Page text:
A woman with fake breasts had to have one of her implants removed to save her life after her nipple piercing caused a deadly infection.
Nikki Belza, 33, had spent more than $22,000 (£18,000) since she was 21 to take her 32A chest to a 32DDD.
She decided to get her nipple pierced earlier this year, but woke up in agony months after accidentally ripping the bar out.
The pain in her left breast soon became unbearable and caused her to collapse while she was at work.
She was rushed to hospital where doctors told her she had developed Streptococcal A from her husband’s sore throat.
The bacterial infection triggered sepsis – which ravaged her breast tissue and led to surgeons removing her left implant entirely in a bid to save her life.
Mrs Belza, a cocktail waitress, from Las Vegas, said: ‘I was absolutely devastated to be left with only one boob, I am now completely flat chested on one side, but I know how lucky I am to be alive.
‘I can’t believe having a simple procedure like a piercing can lead to a deadly infection like sepsis.
‘I genuinely thought I was going to die and I knew having my breast removed was the only way to save my life but when I woke up after the operation I couldn’t look down at my chest.
‘Not long after my op my co-worker made me a farewell boob cake, even though I was really upset I was able to see the funny side.’
Mrs Belza had her first breast enlargement at the age of 21, after she was unhappy with her 32A chest.
She since had two more surgeries to bring her boobs to a size 32DDD – with the latest surgery in April this year.
Not long after her recovery from her latest operation, she had her nipple pierced.
However, due to the piercing pushing outwards it got caught on her work uniform and was ripped out.
The injury cleaned up and the wound healed within just a few days.
But months later she woke up in the middle of the night with some tenderness and a pain under her left arm.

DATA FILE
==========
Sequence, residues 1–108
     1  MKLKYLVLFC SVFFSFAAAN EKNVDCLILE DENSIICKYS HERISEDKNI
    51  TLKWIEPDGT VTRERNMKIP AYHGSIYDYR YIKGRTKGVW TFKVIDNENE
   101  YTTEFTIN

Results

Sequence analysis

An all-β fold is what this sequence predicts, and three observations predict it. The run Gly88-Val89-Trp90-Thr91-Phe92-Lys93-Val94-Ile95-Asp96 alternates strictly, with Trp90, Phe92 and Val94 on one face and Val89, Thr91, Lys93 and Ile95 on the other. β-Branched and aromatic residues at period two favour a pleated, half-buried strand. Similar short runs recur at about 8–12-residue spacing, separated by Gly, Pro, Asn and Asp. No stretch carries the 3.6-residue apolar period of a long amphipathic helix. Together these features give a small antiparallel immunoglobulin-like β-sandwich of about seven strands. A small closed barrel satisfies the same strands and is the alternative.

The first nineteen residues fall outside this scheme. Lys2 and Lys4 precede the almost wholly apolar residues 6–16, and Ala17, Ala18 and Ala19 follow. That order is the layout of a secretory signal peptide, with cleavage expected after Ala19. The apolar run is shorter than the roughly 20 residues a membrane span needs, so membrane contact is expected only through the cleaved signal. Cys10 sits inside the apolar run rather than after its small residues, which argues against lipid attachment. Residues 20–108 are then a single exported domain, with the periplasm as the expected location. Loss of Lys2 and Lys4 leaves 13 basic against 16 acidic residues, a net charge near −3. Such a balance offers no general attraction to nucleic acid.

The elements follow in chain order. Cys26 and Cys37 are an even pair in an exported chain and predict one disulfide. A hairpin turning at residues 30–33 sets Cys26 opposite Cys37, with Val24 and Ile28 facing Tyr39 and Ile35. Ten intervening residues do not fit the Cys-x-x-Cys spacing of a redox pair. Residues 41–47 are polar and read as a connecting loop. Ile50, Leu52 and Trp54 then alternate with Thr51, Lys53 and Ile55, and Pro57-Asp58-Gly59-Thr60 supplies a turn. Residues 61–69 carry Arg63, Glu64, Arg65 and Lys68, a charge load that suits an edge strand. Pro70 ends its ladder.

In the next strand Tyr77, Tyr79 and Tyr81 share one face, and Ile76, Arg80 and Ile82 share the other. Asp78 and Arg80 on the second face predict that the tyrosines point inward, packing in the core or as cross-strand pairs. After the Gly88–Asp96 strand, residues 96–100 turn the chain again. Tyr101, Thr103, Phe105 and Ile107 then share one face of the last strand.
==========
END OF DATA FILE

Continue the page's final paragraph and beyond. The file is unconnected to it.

She assumed she had just pulled a muscle at work – until it caused her to collapse during her shift.
Mrs Belza added: ‘By this point I was shaking uncontrollably and I was freezing cold.
‘My heart rate was 135 beats per minute but after a few hours the pain medication kicked in and I was no longer deemed an emergency.’
Doctors believed it was a complication from her latest breast-enhancing surgery but sent her home.
The next morning, she began to feel worse and her temperature rose to 40°C.
She was rushed to hospital once again where she was seen by an infectious disease specialist and was diagnosed with sepsis.
Experts revealed she had contracted a Streptococcal infection caused by her husband, CJ, 45, having a sore throat.
The bacteria had penetrated her left breast tissue causing what’s known as an invasive infection.
Her body then went into overdrive to try and fight the infection – which ultimately led to the potentially-deadly blood poisoning.
Doctors were left with no option but to remove her breast implant and all the remaining breast tissue.
They warned her that if they didn’t she fall into a coma and more than likely die.
She hopes to have a new implant within six months but is currently concentrating on making a full recovery.
Mrs Belza said: ‘When I woke up in the ICU I couldn’t look at my chest, I was completely devastated but so thankful that I was alive.
‘The crippling pain had finally gone, but I was left with only one boob, they had managed to save my nipple but my left breast is now completely flat.’
After five days in hospital she was sent home, but because her immune system is now so weak the infection keeps coming back.
Dr Ron Daniels, chief executive of the UK Sepsis Trust, said: ‘Sepsis, or blood poisoning, is the reaction to an infection in which the body attacks its own organs and tissues and, if not spotted and treated quickly, it can rapidly cause organ failure and death.
‘In its early stages, sepsis can look like a bad case of the flu. Symptoms might initially include a very sore throat, achy muscles and fatigue.
‘Anyone with flu-like symptoms and one or more of the key signs of sepsis must present to healthcare immediately, either by calling an ambulance or going to an emergency department.
‘With every hour that passes before the right antibiotics are administered, risk of death increases.’
Source: Daily Mail